So I feel grateful that Goenka probably used his past business skills to create a sort of “Vipassana franchise,” that allows people in almost any part of the world to join one of these retreats and have the same experience regardless of the place.


2. Free course


Another thing that I really like about this course is that it is completely free.  Well, not exactly free.  It is donation-based.  

This is a beautiful aspect of this course.  The opportunity that you get to join one of these retreats is thanks to the contribution of others who have done retreats before you and of the volunteers who come to assist during the courses. 


3. The Vipassana meditation technique


And I do like the vipassana meditation technique as taught by Goenka.  I think it is a very powerful and complete technique for mental purification and developing equanimity. 

I'll talk more about the technique in my next blog post, but if you've never tried any other meditation technique before, and if you are interested in Buddhist philosophy then this might be the only meditation practice you need.

Personally, I never joined this course to learn a new meditation technique or to learn about Buddhism.  I already had my own meditation practice, even before I joined my first retreat in 2011. 

The only reason why I joined this course was to have the opportunity to meditate for 10 hours a day for 10 days.  That's it.

But of course, I do appreciate the opportunity to gain insights from other techniques that can actually enhance my own meditation practice.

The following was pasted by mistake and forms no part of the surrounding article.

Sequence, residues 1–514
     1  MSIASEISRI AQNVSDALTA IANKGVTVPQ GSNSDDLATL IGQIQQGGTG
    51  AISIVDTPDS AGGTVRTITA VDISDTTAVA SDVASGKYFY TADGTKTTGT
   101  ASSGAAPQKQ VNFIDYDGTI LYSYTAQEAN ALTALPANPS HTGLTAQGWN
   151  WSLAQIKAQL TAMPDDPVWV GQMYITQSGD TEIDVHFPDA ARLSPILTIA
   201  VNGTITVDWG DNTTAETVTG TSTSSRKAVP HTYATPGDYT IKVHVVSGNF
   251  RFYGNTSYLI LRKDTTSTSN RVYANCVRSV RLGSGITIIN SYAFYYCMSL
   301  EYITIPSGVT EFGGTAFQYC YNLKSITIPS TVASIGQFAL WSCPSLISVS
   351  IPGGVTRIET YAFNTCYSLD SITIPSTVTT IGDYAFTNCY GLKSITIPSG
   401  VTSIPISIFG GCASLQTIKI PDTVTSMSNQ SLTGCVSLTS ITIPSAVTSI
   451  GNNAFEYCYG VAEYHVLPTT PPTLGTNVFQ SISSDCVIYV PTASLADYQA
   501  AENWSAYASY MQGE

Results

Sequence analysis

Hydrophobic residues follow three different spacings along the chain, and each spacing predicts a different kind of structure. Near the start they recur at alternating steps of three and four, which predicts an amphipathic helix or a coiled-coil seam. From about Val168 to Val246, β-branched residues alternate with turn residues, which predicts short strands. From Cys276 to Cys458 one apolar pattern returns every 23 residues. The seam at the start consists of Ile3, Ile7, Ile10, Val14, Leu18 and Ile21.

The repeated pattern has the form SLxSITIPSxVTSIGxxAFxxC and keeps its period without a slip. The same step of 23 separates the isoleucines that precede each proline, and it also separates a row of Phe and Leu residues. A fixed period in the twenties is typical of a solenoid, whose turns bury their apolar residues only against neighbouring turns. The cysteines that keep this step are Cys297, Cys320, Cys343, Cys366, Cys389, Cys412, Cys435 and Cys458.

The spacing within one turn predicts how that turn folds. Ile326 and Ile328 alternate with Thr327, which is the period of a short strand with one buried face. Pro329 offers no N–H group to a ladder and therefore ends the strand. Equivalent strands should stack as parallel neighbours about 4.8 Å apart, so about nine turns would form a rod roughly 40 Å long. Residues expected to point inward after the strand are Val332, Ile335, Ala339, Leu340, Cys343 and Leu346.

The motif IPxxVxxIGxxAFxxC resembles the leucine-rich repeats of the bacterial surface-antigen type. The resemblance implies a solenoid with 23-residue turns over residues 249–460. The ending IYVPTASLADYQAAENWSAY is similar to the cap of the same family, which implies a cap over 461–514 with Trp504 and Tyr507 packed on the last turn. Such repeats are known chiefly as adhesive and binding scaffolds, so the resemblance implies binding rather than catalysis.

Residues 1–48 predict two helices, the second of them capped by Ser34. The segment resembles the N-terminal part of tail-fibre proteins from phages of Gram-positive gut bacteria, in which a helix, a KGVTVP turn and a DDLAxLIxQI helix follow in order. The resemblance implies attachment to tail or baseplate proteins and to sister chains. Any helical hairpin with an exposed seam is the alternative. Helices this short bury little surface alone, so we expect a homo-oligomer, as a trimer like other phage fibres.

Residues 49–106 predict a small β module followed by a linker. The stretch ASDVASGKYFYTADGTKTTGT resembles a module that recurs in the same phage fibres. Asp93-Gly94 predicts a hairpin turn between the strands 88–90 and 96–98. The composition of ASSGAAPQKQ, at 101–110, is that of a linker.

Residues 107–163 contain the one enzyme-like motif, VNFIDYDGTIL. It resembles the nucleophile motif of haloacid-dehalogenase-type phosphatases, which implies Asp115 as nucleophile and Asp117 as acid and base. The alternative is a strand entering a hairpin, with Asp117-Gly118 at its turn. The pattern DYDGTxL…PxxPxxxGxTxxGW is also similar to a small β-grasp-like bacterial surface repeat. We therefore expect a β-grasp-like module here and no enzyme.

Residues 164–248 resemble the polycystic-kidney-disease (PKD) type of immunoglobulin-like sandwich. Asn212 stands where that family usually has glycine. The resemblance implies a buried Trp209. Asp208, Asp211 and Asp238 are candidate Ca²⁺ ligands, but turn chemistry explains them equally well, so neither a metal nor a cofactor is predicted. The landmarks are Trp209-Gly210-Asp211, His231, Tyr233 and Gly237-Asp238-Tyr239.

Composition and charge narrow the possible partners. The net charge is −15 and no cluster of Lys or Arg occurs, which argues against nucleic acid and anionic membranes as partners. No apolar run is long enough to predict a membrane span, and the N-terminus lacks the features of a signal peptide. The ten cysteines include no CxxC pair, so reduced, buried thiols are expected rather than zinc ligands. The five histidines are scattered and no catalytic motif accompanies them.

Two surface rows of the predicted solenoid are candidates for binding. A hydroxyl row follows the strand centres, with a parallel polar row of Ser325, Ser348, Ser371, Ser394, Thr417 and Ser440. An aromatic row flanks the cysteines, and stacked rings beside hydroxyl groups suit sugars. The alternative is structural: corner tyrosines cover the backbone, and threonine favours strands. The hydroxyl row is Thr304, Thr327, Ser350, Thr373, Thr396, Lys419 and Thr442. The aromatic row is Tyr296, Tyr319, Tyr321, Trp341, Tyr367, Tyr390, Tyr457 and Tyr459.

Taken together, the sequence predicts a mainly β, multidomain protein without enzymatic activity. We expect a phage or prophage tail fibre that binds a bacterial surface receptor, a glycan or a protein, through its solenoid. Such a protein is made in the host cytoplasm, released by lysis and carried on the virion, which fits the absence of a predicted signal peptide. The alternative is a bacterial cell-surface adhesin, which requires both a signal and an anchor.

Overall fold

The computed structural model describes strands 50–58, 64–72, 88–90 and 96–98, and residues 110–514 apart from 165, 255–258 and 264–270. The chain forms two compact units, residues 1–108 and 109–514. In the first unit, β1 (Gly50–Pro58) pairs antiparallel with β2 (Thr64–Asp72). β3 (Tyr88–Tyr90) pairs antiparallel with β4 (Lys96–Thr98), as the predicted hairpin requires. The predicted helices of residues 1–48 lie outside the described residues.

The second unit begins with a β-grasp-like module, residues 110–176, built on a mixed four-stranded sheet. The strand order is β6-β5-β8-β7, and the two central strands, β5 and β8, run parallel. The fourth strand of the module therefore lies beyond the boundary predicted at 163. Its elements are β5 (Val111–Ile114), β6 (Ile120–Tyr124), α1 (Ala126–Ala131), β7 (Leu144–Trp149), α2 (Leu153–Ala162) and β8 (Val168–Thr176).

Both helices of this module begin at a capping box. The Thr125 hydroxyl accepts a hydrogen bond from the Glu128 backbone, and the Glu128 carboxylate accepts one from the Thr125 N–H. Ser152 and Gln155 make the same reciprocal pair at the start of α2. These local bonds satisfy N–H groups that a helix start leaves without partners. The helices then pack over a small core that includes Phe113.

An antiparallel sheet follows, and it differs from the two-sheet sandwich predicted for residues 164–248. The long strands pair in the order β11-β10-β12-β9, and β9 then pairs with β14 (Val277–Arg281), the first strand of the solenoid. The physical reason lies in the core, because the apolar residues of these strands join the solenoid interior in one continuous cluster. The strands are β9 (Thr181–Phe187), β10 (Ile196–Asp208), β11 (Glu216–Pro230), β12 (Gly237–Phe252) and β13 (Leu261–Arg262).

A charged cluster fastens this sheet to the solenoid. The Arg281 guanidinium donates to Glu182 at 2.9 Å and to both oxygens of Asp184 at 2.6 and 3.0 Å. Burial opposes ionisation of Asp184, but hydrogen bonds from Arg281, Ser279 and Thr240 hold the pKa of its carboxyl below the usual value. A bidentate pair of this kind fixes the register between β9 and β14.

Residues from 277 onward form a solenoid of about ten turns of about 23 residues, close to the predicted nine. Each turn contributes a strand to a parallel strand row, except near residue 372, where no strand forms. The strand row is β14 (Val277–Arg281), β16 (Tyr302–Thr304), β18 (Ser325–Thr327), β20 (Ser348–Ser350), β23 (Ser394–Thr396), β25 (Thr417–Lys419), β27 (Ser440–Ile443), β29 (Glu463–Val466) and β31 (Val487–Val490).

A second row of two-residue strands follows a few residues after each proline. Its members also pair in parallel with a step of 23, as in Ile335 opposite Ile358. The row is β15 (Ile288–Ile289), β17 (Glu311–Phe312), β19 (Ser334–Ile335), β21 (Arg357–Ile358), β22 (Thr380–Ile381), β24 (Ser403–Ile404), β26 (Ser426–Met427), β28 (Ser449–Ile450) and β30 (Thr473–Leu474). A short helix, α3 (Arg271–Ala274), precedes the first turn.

So, what's the conclusion?


Now, although I have probably spent a lot more time talking about the things that I didn't like this doesn't mean that I believe the course is bad, or good.  It is obviously a very personal experience.  

The only thing that I can conclude after balancing the things that I hated vs the things that I loved, is simply that Goenka is not my teacher and, as I realized before while visiting Kopan monastery in Nepal, Buddhism is not my path.  

I didn't write this blog post to condemn the course or to tell anyone not to try it.  I just needed to vent a little, that's all.  As a matter of fact, if you have any interest in meditation I think you should definitely try it. It can be a life-changing experience for some.

And this now brings me back to the question, will I really never try this course again?

Well, on the last day of the course, right after I left the meditation center, I was convinced I would never do it again.  Seriously, the thought of listening to the same discourses and the chanting again completely put me off.

But now that it's been over a month after the course I feel just a little bit more open to the idea. 

I might consider, at some point in the future, enduring once more Goenka's chanting and discourses only to have the opportunity to meditate for 10 hours a day for 10 days. That remarkable level of awareness that you can only experience in a retreat like this is priceless.